[DE] Food inspections for GMOs in Germany in 2008: infringements rare, but often traces of GM-soy
Once again in 2008, food inspectors in Germany found only isolated cases of GM-labelling infringements. Whereas very slight traces of GM soybeans were frequently found in products containing soy, those derived from maize were mostly "GMO free". Initial data received from four German states uphold the trend established in previous years.
Up to now the states of Baden-Württemberg, Mecklenburg-Vorpommern, Saxony and Schleswig-Holstein have published their figures for 2008. On the whole, GMO labelling directives are being adhered to. Only in Baden-Württemberg were two products found to be at fault: a cornchip product from the Philippines and a German confectioner's soy lecithin, both exceeding the threshold of 0.9 percent for which labelling is required.
Slight traces of genetically modified organisms (GMOs) are commonly found in food products containing soy. This was the case in 33 percent of such products inspected (57 of 172) in Baden-Württemberg, representing a decline over the previous year (2007: 39 percent). In Mecklenburg-Vorpommern, every sixth soy-product inspected (7 of 43) in 2008 turned out to be GMO-positive. In Saxony, however, genetically altered DNA was detected in only 4 of 234 foods containing soy, while in Schleswig-Holstein the percentage of GMO-positive tests rose from 12 to 14 percent (11 of 80) over the previous year. In the majority of the samples tested in all the German states, only traces of less than 0.1 percent were recorded.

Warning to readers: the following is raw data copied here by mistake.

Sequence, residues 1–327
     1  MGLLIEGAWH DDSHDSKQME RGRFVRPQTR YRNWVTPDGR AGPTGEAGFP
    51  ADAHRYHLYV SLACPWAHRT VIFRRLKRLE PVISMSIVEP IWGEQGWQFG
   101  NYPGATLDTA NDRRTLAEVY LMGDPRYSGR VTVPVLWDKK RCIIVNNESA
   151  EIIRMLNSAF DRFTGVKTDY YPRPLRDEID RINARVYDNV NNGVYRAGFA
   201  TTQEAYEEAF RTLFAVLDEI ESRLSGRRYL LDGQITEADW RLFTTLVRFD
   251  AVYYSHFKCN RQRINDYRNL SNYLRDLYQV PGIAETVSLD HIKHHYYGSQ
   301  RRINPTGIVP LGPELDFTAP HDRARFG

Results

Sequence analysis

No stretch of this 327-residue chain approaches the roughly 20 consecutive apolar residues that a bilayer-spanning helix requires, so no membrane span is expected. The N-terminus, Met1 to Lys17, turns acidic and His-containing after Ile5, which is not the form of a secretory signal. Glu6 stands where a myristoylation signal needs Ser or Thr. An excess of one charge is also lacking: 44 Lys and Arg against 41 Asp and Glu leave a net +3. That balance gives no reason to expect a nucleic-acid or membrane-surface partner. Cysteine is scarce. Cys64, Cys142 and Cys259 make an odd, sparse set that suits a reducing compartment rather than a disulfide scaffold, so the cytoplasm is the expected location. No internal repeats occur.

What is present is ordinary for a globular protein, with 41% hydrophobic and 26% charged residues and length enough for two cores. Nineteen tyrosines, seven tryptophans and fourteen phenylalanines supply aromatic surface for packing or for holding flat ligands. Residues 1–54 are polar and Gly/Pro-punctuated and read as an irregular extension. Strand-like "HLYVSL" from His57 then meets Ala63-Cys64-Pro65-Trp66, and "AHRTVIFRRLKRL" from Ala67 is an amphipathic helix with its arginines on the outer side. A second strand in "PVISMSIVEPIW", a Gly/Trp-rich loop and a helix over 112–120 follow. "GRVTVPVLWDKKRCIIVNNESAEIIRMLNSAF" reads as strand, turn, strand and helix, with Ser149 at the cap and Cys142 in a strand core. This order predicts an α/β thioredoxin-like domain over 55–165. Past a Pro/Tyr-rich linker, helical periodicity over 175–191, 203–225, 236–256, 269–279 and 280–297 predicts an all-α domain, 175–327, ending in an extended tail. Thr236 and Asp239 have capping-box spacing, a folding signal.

Foods containing corn, for the most part, are "GMO free". In Baden-Württemberg traces of GM corn were detected in just four percent of samples tested (7 of 183). In Schleswig-Holstein one GMO-positive sample was found, whereas in Mecklenburg-Vorpommern and in Saxony none of the corn products tested were found to be at fault.
Foods derived from unauthorised GM crops are usually picked up by the European Rapid Alert System for Food and Feed (RASFF) and turned back at the borders. This system prevents unauthorised products from reaching the European market. The German Consumer Protection Agency, responding to a query from the Alliance 90/The Greens parliamentary group, said that in 2008, 26 alert notifications were issued for foods in Germany. These were mostly for rice and rice products (23 of 26) in which inspectors had discovered traces of less than 0.1 percent of unauthorised GM-rice.
Source: GMO Compass